I opened mine in terror. The idea so possessed my mind, that a thrill of fear ran through me, and I wished to exchange the ghastly image of my fancy for the realities around….I could not so easily get rid of my hideous phantom; still it haunted me. I must try to think of something else. I recurred to my ghost story — my tiresome unlucky ghost story! O! if I could only contrive one which would frighten my reader as I myself had been frightened that night!
Swift as light and as cheering was the idea that broke in upon me. "I have found it! What terrified me will terrify others; and I need only describe the spectre which had haunted my midnight pillow." On the morrow I announced that I had thought of a story. I began that day with the words, It was on a dreary night of November, making only a transcript of the grim terrors of my waking thoughts.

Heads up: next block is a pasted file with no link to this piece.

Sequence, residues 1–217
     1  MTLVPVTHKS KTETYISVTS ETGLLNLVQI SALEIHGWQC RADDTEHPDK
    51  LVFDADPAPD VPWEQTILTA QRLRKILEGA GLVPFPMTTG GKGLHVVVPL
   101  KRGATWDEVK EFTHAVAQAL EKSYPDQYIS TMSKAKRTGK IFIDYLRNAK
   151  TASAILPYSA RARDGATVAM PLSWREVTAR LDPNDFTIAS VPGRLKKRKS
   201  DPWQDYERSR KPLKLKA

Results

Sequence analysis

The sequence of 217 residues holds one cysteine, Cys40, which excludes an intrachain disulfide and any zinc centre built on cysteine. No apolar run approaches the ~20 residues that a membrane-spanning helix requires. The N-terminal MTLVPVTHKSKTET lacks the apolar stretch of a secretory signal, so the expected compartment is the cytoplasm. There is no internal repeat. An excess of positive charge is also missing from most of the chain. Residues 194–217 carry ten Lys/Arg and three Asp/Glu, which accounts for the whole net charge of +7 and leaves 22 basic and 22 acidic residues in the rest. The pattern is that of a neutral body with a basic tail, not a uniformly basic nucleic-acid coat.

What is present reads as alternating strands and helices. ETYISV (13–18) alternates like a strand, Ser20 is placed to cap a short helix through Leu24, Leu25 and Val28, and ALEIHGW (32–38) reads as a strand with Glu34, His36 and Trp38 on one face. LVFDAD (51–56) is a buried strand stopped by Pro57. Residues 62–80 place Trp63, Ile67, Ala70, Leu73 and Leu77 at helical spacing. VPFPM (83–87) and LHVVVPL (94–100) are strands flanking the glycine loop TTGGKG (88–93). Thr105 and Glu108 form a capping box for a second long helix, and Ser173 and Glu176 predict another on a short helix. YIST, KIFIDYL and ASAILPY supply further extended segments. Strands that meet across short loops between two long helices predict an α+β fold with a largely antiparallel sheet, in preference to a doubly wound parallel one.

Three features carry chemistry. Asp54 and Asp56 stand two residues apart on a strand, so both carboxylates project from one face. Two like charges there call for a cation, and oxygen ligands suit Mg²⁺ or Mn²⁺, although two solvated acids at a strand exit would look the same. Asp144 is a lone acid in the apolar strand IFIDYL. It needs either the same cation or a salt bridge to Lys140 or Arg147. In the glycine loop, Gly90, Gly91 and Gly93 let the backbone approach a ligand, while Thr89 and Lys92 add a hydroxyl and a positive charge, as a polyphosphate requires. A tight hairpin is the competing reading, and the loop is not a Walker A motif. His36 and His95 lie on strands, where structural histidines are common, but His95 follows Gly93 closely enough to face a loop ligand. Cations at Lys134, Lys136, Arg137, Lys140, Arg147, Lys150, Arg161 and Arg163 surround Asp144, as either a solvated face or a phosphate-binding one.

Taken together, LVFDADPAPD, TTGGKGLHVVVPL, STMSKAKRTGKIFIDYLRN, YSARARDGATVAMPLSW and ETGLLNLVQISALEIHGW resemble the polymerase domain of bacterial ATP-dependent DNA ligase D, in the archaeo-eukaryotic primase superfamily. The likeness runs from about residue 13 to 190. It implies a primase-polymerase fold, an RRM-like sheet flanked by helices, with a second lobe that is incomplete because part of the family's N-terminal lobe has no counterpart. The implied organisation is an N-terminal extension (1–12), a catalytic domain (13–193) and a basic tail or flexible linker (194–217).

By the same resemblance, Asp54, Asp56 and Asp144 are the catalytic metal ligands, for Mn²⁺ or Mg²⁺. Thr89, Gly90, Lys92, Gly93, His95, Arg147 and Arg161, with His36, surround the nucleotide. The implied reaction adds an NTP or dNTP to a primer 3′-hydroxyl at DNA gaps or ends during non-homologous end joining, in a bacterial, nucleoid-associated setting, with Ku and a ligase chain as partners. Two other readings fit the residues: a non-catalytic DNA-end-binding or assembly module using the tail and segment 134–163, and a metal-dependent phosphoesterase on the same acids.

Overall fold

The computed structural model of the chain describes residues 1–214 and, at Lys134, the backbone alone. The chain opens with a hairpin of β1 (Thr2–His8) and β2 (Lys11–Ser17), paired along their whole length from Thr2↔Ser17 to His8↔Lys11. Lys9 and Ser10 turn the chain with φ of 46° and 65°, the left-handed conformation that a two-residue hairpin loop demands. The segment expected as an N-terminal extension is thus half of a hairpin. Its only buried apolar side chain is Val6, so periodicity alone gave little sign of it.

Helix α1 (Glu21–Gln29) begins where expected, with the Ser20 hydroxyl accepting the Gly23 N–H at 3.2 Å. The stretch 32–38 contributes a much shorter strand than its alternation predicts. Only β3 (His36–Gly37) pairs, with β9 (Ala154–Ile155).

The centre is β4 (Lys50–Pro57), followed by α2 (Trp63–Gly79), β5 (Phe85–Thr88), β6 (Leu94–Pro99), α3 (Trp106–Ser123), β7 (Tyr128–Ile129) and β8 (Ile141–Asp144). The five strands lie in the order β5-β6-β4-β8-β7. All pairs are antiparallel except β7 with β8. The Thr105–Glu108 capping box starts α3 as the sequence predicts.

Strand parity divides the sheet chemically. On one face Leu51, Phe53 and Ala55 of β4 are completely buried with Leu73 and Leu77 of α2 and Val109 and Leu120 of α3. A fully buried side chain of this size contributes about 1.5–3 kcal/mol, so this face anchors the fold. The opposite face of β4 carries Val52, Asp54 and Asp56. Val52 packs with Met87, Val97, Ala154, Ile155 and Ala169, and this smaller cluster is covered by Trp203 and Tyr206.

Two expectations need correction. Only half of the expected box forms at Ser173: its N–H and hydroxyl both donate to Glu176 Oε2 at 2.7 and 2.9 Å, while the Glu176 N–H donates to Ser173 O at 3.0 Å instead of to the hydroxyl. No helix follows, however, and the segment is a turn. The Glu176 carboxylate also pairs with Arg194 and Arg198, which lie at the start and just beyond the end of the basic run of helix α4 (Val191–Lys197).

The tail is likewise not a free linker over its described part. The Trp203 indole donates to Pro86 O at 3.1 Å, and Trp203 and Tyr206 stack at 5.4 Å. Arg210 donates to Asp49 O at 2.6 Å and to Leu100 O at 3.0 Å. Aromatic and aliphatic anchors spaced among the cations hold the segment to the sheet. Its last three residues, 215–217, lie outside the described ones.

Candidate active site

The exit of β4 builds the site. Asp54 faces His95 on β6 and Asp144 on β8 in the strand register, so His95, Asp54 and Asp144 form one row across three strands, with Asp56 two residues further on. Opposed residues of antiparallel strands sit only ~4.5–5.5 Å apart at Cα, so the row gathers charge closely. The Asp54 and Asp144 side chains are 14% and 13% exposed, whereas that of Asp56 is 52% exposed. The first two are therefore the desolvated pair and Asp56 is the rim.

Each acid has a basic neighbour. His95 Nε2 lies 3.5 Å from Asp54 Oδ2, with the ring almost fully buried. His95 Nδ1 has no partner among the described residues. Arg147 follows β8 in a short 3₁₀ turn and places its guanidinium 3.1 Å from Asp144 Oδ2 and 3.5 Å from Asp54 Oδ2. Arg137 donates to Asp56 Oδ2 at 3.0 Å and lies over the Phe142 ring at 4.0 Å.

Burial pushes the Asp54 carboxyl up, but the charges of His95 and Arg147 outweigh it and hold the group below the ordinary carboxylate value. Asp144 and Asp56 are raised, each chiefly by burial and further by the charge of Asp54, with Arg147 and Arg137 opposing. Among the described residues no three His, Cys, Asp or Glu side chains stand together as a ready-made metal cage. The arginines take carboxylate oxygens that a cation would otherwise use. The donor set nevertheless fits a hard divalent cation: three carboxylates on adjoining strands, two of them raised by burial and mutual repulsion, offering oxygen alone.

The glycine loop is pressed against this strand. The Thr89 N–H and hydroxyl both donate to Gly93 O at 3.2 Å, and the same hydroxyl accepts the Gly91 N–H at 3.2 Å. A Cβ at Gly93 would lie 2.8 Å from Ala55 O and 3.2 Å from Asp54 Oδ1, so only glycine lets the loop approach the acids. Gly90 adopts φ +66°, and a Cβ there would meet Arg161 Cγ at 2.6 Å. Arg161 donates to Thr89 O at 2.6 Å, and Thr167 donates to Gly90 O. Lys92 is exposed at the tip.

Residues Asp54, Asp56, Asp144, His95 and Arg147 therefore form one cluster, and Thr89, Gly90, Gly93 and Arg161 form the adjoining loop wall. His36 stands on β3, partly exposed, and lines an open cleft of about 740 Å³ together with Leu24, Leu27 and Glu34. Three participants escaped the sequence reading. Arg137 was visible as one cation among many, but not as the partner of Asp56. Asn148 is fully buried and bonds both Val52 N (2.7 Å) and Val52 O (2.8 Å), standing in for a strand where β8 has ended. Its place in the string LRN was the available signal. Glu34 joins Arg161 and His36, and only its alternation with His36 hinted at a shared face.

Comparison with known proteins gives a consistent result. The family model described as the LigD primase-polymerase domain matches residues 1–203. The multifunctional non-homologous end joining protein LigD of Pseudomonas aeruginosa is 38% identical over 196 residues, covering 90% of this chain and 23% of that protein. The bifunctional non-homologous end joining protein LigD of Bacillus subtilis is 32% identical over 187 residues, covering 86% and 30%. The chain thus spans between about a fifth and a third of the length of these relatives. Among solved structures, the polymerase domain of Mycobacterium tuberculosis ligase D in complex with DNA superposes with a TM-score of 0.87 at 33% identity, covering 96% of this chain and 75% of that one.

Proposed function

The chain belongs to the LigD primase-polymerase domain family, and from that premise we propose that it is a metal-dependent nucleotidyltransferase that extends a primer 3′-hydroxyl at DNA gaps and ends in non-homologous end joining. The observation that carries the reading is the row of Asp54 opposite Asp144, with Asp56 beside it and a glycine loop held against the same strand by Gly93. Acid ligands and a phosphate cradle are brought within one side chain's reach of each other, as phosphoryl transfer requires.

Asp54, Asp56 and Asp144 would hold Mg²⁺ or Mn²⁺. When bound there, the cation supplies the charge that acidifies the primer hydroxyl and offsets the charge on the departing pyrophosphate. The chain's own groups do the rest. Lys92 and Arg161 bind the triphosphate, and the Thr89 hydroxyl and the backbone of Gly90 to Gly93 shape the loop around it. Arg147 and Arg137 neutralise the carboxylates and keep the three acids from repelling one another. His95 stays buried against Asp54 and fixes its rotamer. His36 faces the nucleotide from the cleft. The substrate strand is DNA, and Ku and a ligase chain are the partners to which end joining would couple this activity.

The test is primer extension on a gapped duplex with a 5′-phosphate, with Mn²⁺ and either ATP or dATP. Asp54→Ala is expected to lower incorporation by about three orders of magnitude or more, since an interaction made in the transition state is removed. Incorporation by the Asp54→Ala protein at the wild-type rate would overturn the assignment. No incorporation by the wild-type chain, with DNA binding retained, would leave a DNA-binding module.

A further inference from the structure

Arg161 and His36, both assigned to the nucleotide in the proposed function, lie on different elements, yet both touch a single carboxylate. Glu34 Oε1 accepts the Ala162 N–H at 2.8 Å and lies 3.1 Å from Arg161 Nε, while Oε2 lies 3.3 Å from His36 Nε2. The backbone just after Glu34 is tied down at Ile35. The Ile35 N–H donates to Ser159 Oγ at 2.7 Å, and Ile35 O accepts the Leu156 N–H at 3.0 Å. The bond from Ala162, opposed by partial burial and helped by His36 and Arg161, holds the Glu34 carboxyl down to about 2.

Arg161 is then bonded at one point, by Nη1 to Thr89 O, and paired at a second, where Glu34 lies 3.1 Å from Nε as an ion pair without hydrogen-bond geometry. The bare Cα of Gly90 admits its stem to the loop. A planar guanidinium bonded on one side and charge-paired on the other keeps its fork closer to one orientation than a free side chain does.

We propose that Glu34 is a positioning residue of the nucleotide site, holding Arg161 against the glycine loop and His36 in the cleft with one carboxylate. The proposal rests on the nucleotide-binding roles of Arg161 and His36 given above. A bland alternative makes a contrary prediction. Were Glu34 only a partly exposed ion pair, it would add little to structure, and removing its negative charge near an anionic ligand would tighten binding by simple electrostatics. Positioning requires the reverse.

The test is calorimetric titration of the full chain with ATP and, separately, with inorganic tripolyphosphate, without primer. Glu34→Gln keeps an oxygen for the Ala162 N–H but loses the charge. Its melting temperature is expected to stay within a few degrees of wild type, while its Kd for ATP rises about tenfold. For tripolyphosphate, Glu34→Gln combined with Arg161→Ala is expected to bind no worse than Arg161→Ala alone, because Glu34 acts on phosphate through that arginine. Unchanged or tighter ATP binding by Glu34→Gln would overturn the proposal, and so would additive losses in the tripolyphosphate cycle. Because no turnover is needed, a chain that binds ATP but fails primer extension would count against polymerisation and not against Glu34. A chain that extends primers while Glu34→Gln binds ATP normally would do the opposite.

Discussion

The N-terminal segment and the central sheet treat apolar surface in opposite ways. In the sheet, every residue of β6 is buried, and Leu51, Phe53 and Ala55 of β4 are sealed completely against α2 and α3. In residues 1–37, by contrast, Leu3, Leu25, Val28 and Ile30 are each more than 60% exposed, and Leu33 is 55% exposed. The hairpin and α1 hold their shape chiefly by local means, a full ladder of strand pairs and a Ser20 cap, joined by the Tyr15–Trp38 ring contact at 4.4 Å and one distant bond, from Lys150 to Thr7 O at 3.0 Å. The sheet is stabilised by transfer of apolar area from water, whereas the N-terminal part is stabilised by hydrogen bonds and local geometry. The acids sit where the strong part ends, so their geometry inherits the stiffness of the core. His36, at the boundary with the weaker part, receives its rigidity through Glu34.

[From the text]: The different accidents of life are not so changeable as the feelings of human nature. I had worked hard for nearly two years, for the sole purpose of infusing life into an inanimate body. For this I had deprived myself of rest and health. I had desired it with an ardour that far exceeded moderation; but now that I had finished, the beauty of the dream vanished, and breathless horror and disgust filled my heart. Unable to endure the aspect of the being I had created, I rushed out of the room, and continued a long time traversing my bed-chamber, unable to compose myself to sleep. At length lassitude succeeded to the tumult I had before endured; and I threw myself on the bed in my clothes, endeavouring to seek a few moments of forgetfulness. But it was in vain: I slept indeed, but was disturbed by the wildest dreams. I though I saw Elizabeth, in the bloom of health, walking in the streets of Ingolstadt. Delighted and surprised, I embraced her; but as I imprinted the first kiss on her lips, they became livid with the hue of death; her features appeared to change, and I thought that I held the corpse of my dead mother in my arms; a shroud enveloped her form, and I saw the graveworms crawling in the folds of the flannel.